TX Organic Research Center



Any way to help heal injured tree?
July 17, 2008
By Howard Garrett


QUESTION: A year ago, we planted a lacebark elm by following your planting instructions: cut the circling roots, expose the treeís root flare and add mulch.  The tree was doing well until recently, when we noticed some of the branches drying and dying. St. Augustine grass runners were extending from the lawn into the root flare area, and my husband has been cutting them with a heavy-duty electric weed trimmer. Yesterday, I inspected the root flare, and it seems that my husband recently cut all the way through two of the treeís small roots and then scalped the largest root and the base of the tree with the weed trimmer.  Can we do anything to save the tree?

 I.F., Richardson

ANSWER: Cover the wounds with my Tree Trunk Goop, a paste that you can make. Applying burlap soaked in the same paste (but with more water added) will help keep the area moist as it heals.


QUESTION: I recently received hummingbird vine seeds, which I planted. I later researched the plant online and read that all parts are poisonous if eaten. I have two small children, and I hope to get a dog. Would it be wise to keep this plant?   L.H., Arlington

ANSWER: If you are talking about cypress vine (Ipomoea quamoclit), it is a common garden annual. I have never heard of anyone being poisoned by it. However, the vine becomes invasive in some gardens. It is best to teach children not to eat any plants, except those that are served at the dinner table.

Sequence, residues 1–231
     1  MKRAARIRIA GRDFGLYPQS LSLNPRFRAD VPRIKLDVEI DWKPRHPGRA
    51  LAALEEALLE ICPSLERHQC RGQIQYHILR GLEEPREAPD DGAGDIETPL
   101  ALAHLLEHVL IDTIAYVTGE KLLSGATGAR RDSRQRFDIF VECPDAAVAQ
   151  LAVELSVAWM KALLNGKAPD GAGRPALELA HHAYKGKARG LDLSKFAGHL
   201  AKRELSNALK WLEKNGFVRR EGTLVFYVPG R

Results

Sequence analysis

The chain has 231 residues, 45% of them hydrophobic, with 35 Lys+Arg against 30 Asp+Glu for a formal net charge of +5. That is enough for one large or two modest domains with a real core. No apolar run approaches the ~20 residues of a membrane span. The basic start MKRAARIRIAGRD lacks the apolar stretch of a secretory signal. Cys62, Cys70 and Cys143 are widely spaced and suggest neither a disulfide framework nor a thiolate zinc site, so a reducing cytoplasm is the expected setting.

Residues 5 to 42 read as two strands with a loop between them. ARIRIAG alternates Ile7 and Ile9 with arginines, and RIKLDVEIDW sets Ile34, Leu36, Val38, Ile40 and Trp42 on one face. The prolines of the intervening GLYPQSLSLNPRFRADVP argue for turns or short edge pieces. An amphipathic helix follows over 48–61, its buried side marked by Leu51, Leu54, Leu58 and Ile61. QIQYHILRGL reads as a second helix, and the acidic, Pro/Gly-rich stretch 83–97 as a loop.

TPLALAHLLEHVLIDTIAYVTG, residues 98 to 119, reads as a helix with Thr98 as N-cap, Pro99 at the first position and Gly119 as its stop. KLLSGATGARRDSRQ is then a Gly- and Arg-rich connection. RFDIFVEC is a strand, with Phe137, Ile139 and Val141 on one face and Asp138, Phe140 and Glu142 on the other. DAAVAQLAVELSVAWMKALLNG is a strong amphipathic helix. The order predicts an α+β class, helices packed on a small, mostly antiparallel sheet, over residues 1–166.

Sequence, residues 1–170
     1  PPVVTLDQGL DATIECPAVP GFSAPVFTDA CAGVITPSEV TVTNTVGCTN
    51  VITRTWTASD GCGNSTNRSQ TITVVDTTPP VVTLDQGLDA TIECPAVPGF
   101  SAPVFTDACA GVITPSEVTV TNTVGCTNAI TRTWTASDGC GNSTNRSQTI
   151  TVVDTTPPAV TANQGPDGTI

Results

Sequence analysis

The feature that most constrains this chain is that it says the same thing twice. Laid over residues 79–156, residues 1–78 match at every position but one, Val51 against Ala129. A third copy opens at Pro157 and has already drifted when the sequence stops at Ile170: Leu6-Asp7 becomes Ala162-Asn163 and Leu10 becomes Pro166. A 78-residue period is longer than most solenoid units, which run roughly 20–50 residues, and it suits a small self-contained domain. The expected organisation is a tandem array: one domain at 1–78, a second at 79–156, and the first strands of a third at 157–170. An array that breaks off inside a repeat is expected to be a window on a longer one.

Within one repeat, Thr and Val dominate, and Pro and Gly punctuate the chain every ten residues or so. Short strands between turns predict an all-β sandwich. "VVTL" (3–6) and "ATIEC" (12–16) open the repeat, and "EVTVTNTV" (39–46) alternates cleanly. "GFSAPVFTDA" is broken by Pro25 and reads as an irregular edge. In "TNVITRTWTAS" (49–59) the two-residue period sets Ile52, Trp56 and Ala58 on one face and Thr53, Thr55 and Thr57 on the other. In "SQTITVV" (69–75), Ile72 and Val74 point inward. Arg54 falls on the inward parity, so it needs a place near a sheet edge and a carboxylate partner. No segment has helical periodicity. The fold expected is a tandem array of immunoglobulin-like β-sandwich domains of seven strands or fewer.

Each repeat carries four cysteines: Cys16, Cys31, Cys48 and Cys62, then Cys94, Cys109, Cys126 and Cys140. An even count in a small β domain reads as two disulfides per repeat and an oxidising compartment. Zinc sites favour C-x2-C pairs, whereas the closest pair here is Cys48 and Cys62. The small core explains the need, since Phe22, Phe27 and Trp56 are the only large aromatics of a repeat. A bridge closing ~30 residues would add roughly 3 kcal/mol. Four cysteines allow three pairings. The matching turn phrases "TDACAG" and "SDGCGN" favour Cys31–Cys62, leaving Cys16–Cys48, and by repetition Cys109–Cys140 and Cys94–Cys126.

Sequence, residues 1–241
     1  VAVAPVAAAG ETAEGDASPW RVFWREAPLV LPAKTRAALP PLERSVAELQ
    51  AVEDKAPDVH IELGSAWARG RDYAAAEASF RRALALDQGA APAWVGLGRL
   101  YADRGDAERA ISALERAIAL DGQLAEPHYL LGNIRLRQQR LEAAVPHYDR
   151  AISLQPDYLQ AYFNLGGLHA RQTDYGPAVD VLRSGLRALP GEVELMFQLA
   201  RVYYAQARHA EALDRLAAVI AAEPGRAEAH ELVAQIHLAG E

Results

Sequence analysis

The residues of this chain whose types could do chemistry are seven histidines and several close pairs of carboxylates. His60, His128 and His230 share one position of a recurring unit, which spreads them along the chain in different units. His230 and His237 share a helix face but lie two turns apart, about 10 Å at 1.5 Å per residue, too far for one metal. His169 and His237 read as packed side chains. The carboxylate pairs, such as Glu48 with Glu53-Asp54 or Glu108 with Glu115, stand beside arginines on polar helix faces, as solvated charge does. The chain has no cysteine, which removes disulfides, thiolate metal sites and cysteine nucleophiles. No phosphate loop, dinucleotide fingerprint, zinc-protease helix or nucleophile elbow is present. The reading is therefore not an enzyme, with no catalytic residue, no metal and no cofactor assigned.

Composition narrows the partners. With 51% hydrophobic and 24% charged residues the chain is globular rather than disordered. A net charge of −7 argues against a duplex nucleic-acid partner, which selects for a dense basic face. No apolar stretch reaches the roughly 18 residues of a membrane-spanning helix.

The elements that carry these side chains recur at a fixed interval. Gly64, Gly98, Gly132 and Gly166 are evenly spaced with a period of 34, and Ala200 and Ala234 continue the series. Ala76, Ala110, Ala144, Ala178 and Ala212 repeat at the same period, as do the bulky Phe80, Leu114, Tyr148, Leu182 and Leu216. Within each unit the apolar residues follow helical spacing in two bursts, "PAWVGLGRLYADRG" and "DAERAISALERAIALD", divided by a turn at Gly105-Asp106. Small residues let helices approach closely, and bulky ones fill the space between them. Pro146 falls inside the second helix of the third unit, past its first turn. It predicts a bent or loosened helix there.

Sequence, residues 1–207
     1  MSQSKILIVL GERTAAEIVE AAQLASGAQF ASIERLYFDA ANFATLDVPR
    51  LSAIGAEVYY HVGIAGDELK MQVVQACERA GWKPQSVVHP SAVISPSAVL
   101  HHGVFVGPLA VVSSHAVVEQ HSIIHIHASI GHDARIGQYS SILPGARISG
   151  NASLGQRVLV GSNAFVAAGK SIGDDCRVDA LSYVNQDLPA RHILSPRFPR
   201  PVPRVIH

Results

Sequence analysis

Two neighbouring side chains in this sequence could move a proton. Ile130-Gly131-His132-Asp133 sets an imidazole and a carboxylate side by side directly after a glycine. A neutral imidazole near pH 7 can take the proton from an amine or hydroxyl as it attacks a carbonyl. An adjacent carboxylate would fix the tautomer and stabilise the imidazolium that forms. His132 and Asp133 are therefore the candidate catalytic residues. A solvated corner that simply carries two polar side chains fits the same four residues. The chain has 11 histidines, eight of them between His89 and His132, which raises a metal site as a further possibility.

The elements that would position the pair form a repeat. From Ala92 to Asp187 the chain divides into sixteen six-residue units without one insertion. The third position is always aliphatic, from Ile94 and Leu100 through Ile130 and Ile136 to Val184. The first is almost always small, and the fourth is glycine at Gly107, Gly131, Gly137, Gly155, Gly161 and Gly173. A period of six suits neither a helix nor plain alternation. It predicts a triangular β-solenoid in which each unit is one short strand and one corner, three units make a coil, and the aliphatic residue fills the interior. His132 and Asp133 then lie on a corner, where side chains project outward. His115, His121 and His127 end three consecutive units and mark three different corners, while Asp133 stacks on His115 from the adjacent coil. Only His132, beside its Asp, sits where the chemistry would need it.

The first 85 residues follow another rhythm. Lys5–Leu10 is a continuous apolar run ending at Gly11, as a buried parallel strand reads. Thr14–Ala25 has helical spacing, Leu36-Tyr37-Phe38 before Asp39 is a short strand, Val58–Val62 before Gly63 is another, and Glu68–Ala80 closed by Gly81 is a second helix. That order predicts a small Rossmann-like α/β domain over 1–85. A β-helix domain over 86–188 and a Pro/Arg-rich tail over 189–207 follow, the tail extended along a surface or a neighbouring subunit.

QUESTION: My yard is a victim of weed-and-feed synthetic fertilizer. The only things that live in the concretelike soil are fire ants and clumps of weeds. What would be the least expensive solution?   K.H., Carrollton

ANSWER: A heavy application of dry molasses (25 pounds per 1,000 square feet) followed by my Sick Tree Treatment will move things in the right direction.  To speed the process, apply activated charcoal (per label directions) and zeolite at a rate of 40 to 50 pounds per 1,000 square feet.


I have a pomegranate tree that had buds last year, but all the buds dropped off. This year, I have seen a dramatic increase in buds and want to make sure that they mature into fruit. Is there anything that I should be doing? J.G., Garland

ANSWER: I have had good results after spraying regularly with compost tea or Garrett Juice. Adding fish emulsion and Soil Mender Plant Wash (www.soilmender.com) to the spray also helps. (Follow label recommendations.)


QUESTION: Is it OK to spray spinosad and neem oil on vegetable plants at the same time?   J.W., Gonzales

ANSWER: Itís probably OK, but Iím not sure you need both pesticides. Using a liquid organic fertilizer would be much more effective than a second pesticide.



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